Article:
Home ViewpointEditorial Economic recovery: Implement 2021 Budget correctly

Economic recovery: Implement 2021 Budget correctly

Economic recovery: Implement 2021 Budget correctly


Now, for Nigeria to attain the seventh-largest rank, the present population size is an asset. The world’s seventh most populous country is Nigeria. Her 2020 projected population of 208 million (Wikipedia) equals the combined 2020 population of Germany (83 million), France (66 million), and Italy (59 million).

In 2019, Nigeria ranked as 27th world’s’ largest economy based on nominal GDP while the above named European Union countries ranked as fourth, seventh, and ninth-largest economies in the world respectively. Also note the following economic features for subsequent comparison. (a) The external reverses of the three EU countries are not based solely on their respective government’s forex receipts from exclusively government-owned export commodities/services. In accord with global best practice, the foreign reserves reflect the net balance of earnings from foreign trade by various economic agents in each country. (b) The European Central Bank (ECB) defines price stability as inflation below, but close to 2 per cent. (c) Bank lending rate in the EU averaged 3.87 per cent from 2000 to 2020 ranging from 1.42 per cent in May 2020 to 6.52 per cent in October 2008 (Google).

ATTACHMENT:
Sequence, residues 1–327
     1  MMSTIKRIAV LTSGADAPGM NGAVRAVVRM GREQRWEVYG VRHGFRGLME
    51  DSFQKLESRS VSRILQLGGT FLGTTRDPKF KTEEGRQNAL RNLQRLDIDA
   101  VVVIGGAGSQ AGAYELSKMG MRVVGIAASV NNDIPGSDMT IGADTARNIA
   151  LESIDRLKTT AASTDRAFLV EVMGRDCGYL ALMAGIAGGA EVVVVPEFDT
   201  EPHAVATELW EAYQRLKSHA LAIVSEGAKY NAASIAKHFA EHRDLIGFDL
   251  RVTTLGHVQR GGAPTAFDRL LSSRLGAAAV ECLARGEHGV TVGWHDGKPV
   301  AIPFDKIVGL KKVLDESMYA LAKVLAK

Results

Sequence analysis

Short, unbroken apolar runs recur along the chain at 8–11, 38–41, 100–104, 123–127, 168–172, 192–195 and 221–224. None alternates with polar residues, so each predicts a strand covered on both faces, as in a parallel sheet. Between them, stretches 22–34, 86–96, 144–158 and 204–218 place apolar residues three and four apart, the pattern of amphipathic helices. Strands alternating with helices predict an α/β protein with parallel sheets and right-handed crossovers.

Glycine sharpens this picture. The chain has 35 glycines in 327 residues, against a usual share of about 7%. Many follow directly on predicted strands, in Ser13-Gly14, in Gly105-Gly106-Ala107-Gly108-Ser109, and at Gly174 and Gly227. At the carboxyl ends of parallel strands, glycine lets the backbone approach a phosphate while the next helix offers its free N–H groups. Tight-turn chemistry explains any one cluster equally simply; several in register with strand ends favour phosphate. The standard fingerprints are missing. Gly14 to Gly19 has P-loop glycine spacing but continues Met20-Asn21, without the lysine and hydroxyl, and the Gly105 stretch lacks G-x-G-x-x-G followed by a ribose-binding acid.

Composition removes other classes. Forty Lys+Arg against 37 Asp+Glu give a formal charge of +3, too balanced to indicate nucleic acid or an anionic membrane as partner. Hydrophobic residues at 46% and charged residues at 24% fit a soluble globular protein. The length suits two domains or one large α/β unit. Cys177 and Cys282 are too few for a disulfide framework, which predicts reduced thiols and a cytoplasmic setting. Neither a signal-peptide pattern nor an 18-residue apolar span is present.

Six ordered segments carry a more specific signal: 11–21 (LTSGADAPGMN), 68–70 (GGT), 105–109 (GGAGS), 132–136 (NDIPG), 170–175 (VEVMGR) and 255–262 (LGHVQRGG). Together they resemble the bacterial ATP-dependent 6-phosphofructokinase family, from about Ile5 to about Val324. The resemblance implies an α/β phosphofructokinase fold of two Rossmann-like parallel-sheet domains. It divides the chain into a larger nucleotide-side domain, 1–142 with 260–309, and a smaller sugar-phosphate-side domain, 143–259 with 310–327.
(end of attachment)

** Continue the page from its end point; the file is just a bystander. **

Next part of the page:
The FG has explained ad nauseam that the COVID -19 pandemic (which hit the country at the tail end of the first quarter of 2020) gave rise to output volume cut and low crude oil prices and economic recession.  

Nonetheless, in the proposed 2021 Budget, the oil revenue to non-oil revenue ratio is 57:43, which follows the same pattern of federal budgets on paper since 1975 wherein oil revenue has accounted for over 50 per cent of the budgets annually. Interestingly, crude oil export volumes since the 1970s have averaged probably a little less than 2 million barrels per day while fluctuations in crude oil prices are normal. As a result, and no thanks to incorrect implementation of the budgets down the years, the federal budgets have been invariably underfunded with many socio-economic needs not being provided for despite resort to huge domestic and external loans to supplement government revenue.